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ORIGINAL ARTICLE
Year : 2016  |  Volume : 50  |  Issue : 4  |  Page : 427-433

Decalcified allograft in repair of lytic lesions of bone: A study to evolve bone bank in developing countries


Department of Orthopaedics, Ganesh Shankar Vidyarthi Memorial Medical College, Kanpur, Uttar Pradesh, India

Correspondence Address:
Anil Kumar Gupta
Department of Orthopaedics, P-6, Medical College, Kanpur - 208 002, Uttar Pradesh
India
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Source of Support: None, Conflict of Interest: None


DOI: 10.4103/0019-5413.185609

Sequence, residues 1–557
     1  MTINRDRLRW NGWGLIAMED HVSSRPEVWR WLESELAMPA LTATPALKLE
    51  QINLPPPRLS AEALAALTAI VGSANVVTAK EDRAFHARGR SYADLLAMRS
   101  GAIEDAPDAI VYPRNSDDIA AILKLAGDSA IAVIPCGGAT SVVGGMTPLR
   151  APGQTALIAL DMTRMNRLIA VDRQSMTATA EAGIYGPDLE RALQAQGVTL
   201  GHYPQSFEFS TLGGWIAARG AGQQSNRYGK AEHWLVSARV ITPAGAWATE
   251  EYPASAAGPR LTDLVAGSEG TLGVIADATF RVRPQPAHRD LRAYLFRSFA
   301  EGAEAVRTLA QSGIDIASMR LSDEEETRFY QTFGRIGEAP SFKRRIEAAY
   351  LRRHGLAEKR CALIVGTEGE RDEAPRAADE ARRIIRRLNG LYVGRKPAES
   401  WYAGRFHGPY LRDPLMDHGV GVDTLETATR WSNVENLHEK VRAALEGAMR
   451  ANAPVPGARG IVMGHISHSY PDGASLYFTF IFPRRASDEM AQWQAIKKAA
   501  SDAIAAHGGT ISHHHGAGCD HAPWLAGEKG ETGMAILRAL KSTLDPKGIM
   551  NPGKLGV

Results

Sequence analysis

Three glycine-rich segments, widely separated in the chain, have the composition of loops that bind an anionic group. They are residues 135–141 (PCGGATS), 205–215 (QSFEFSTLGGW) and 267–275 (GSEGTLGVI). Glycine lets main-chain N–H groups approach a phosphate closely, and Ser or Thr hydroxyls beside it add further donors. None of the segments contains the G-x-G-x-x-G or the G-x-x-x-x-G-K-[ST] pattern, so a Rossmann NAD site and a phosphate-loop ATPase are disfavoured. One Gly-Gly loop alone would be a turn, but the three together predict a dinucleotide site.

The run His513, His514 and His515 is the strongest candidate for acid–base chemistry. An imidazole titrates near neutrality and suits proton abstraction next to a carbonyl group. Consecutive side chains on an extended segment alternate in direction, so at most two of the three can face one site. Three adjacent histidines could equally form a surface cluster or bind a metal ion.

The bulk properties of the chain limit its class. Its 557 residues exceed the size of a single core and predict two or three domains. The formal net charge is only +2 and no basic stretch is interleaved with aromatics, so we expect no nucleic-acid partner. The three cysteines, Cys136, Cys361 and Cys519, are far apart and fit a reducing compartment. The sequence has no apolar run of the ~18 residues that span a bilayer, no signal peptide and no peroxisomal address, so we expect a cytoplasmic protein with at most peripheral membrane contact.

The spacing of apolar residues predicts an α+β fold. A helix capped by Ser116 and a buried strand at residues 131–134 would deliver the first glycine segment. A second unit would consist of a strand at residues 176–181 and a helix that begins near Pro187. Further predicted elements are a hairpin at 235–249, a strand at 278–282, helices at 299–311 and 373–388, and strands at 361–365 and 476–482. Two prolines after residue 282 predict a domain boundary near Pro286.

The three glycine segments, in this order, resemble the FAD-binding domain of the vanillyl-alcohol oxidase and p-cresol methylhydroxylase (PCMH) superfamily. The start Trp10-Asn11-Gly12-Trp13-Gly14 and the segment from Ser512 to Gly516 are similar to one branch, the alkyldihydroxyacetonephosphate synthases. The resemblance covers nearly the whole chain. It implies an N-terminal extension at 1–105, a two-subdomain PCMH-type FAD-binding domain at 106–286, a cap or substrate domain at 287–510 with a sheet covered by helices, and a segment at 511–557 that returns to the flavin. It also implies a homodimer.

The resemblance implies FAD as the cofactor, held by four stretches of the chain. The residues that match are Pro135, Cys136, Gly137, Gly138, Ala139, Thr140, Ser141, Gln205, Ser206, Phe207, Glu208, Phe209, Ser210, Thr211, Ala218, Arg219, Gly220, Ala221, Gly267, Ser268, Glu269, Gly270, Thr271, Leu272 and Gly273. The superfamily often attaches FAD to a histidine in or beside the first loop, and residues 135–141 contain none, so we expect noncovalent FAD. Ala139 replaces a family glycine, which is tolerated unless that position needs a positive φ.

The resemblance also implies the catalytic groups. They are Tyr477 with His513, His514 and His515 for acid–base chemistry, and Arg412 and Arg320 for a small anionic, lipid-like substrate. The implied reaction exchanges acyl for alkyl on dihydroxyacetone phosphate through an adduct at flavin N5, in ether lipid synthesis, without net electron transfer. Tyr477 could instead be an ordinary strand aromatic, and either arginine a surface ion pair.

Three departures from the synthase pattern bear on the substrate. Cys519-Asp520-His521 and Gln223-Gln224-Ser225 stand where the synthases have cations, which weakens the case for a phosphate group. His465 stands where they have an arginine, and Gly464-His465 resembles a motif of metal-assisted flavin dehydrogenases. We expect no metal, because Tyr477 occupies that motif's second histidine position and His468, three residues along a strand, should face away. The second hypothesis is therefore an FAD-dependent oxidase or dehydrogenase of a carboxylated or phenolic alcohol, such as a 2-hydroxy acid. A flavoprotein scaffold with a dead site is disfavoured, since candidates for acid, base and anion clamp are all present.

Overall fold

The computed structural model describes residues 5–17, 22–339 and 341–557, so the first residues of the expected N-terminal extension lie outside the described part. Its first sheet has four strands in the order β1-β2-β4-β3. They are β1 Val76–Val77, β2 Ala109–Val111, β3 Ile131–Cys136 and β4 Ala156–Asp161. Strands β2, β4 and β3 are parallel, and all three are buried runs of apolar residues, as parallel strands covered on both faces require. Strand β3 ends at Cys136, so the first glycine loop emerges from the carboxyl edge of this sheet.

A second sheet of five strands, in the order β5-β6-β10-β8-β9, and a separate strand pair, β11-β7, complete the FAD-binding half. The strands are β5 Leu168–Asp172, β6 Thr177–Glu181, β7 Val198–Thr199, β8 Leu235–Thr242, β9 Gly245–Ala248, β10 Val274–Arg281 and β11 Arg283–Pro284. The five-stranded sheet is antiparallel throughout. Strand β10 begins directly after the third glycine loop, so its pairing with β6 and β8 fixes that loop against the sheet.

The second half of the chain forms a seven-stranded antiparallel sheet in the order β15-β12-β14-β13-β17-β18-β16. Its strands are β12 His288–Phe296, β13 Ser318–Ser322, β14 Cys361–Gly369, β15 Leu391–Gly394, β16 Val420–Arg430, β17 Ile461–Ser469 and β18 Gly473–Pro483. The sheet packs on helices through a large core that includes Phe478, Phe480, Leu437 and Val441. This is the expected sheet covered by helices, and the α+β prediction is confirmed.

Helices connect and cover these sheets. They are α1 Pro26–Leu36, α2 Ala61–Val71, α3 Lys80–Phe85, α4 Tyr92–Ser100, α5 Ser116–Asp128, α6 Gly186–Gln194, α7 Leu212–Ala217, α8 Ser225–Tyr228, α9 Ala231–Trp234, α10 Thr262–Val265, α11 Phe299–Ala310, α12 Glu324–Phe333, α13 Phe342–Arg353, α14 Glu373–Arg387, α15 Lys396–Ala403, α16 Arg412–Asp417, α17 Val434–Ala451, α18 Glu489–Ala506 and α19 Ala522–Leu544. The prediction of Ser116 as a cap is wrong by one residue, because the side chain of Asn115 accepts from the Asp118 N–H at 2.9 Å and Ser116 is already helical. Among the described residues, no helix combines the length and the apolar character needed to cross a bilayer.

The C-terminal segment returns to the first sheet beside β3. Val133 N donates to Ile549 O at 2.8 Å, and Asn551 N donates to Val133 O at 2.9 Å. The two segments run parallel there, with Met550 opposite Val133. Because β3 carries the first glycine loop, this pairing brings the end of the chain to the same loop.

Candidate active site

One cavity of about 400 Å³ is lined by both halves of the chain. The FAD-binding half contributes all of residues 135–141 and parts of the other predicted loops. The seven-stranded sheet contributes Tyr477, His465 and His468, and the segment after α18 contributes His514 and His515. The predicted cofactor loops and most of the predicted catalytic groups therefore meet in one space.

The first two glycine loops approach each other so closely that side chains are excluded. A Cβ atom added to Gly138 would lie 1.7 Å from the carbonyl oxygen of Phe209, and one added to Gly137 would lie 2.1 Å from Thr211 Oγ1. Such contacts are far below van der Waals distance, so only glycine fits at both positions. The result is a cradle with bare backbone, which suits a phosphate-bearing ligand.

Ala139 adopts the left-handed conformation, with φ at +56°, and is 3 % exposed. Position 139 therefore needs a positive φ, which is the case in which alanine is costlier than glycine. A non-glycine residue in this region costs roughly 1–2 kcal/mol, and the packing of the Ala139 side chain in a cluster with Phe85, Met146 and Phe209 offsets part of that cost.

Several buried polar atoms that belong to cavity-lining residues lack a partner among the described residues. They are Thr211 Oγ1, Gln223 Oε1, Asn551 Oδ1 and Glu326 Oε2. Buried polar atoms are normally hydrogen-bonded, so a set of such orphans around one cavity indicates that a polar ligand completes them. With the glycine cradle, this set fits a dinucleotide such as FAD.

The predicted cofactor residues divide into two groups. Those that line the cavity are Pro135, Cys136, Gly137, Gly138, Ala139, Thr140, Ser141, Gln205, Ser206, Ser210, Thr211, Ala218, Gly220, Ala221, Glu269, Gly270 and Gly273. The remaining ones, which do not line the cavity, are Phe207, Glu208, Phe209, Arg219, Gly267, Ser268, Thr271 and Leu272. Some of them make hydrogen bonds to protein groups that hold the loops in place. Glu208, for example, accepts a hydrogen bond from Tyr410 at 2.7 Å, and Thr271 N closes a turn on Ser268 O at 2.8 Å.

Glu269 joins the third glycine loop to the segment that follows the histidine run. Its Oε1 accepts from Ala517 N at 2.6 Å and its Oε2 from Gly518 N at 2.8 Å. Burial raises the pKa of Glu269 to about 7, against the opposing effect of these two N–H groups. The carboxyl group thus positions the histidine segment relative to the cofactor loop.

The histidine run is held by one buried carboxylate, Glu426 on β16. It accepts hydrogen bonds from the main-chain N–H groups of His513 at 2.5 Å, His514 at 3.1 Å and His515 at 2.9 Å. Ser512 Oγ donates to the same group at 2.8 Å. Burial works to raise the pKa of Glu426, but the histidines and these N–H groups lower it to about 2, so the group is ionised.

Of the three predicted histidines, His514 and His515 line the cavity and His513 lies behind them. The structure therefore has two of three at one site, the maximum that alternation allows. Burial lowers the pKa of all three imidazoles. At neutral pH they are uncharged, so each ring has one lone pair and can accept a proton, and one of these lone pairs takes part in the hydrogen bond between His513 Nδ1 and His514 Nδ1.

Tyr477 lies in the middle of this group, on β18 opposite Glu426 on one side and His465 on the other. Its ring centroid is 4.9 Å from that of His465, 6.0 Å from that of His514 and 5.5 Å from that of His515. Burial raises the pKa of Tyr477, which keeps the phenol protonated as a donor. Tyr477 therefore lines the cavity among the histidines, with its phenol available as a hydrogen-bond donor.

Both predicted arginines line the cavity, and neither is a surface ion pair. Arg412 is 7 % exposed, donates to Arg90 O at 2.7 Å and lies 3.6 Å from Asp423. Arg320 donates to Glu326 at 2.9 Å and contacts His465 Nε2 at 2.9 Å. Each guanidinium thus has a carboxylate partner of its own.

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Background: The quest for ideal bone graft substitutes still haunts orthopedic researchers. The impetus for this search of newer bone substitutes is provided by mismatch between the demand and supply of autogenous bone grafts. Bone banking facilities such as deep frozen and freeze-dried allografts are not so widely available in most of the developing countries. To overcome the problem, we have used partially decalcified, ethanol preserved, and domestic refrigerator stored allografts which are economical and needs simple technology for procurement, preparation, and preservation. The aim of the study was to assess the radiological and functional outcome of the partially decalcified allograft (by weak hydrochloric acid) in patients of benign lytic lesions of bone. Through this study, we have also tried to evolve, establish, and disseminate the concept of the bone bank. Materials and Methods: 42 cases of lytic lesions of bone who were treated by decalcified (by weak hydrochloric acid), ethanol preserved, allografts were included in this prospective study. The allograft was obtained from freshly amputated limbs or excised femoral heads during hip arthroplasties under strict aseptic conditions. The causes of lytic lesions were unicameral bone cyst ( n = 3), aneurysmal bone cyst ( n = 3), giant cell tumor ( n = 9), fibrous dysplasia ( n = 12), chondromyxoid fibroma, chondroma, nonossifying fibroma ( n = 1 each), tubercular osteomyelitis ( n = 7), and chronic pyogenic osteomyelitis ( n = 5). The cavity of the lesion was thoroughly curetted and compactly filled with matchstick sized allografts. Results: Quantitative assessment based on the criteria of Sethi et al. (1993) was done. There was complete assimilation in 27 cases, partial healing in 12 cases, and failure in 3 cases. Functional assessment was also done according to which there were 29 excellent results, 6 good, and 7 cases of failure (infection, recurrence, and nonunion of pathological fracture). We observed that after biological incorporation, the graft participates in bone physiology and morphology. We did not observe any adverse host graft antigenic reaction. Conclusions: We conclude that decalcified allograft is suitable alloimplant for use in benign lesions of bone, is easy to prepare and store, and is thus well suited for use in developing countries.


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